Yesterday, my son caught me deep in thanksgiving and worship in my bedroom after a particularly busy day. With tears streaming down my face, he asked, “What’s wrong mom? Nothing son, I’m just grateful and God is so good to me.” When is worship, well… worship? Does it have to come from church service only? Check this article out from Relevant Magazine writer James Dwyer.
When is Worship Real?
Just because your hands are up, doesn’t mean it’s from the heart.
man stands in church on Sunday morning with his hands held high, worshiping God. Amid the music he stands silently, breathing slowly, letting God’s grace, mercy and love wash over him. He feels peace, calm and joy, and he responds through worship.
The same man is walking to work on Monday morning. He is praying, silently, when he feels convicted by God. Walking silently, he lets God’s grace, mercy and love wash over him. He feels peace, calm and joy, and he responds through worship, thanking God from his heart on the sidewalk.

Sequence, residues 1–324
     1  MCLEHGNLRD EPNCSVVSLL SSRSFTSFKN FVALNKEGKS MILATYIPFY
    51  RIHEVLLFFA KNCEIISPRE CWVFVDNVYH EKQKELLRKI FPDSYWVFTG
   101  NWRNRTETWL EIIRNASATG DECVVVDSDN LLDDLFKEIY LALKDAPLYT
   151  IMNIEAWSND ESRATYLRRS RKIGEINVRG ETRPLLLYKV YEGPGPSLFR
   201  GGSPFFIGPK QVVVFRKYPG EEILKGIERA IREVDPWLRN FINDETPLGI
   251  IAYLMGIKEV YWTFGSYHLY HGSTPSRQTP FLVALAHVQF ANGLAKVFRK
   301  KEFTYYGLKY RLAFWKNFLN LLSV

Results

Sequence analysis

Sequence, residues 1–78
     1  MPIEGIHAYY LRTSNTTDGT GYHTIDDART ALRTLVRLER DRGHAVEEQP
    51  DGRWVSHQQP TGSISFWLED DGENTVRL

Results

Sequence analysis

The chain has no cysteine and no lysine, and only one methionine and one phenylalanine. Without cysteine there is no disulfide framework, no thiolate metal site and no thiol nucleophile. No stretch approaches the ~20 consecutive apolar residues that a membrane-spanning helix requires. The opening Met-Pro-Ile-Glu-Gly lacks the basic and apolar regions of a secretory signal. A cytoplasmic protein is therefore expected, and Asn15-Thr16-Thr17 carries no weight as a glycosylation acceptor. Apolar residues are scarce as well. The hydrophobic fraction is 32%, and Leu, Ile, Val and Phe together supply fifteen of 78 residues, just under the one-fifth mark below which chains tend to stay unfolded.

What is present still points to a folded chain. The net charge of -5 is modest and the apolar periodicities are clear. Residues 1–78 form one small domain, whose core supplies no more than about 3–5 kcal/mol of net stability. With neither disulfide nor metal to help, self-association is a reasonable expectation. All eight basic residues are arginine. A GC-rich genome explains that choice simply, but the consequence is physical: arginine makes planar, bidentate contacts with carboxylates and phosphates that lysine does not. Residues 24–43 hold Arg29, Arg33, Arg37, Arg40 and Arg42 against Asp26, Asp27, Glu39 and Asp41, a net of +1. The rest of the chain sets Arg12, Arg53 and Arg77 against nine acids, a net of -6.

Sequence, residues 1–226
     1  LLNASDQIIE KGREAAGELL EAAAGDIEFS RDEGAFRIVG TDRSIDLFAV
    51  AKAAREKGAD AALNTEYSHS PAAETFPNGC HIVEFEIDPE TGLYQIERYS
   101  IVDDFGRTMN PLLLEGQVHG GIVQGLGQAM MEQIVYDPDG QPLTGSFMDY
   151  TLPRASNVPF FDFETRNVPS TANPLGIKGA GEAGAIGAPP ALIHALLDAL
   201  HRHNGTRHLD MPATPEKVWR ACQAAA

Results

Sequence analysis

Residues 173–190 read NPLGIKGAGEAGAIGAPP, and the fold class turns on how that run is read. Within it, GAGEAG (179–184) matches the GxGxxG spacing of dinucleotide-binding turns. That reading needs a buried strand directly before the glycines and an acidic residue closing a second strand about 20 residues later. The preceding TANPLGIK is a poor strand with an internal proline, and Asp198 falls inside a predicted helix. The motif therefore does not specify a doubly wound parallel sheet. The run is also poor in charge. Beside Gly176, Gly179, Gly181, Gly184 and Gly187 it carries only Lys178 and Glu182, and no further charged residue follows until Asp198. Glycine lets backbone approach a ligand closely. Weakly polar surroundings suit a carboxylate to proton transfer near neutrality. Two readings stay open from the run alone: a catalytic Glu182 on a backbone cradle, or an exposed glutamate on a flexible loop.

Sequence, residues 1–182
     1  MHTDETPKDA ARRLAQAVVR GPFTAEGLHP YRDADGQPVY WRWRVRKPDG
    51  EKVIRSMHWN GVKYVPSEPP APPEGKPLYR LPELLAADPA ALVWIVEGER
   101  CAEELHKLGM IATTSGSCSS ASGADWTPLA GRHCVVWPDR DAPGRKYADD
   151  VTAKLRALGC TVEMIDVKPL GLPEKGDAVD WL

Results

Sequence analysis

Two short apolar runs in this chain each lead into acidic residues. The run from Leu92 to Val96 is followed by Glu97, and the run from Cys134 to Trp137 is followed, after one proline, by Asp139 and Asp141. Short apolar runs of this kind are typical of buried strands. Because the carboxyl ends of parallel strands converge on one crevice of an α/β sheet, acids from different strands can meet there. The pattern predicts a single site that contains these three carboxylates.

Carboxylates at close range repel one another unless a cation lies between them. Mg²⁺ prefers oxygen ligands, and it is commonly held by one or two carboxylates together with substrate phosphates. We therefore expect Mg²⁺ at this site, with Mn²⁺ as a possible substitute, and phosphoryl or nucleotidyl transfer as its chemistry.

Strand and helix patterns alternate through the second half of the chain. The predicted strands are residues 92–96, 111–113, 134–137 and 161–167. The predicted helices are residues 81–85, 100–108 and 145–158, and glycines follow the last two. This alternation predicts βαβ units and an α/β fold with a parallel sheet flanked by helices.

Is one of these moments more worship-filled than the other? When the man is in church on Sunday, does his worship “count” more? Do we need to have our hands held high and be singing the latest stadium-filling worship chorus in order to really encounter God?
There is a dangerous tendency in the church to compartmentalize aspects of our faith. For instance, we often “come into God’s presence” in church, which implies we leave it when we leave church. We “enter into a time of worship” when the band stands up, which suggests when they sit down our worship ceases. It is true that most of this is semantic—but the the underlying concerns are real.
The concept of worship in particular has suffered from this. We know we can pray anywhere, and it will not have a lesser value. To pray in church or to pray on the bus is the same.
Yet worship seems more complicated. We tend to think of “worship” as the 15-minute song set preceding the sermon. We know at a deeper level that it is more than that, that it is a lifestyle attitude, but we continue to associate it with singing.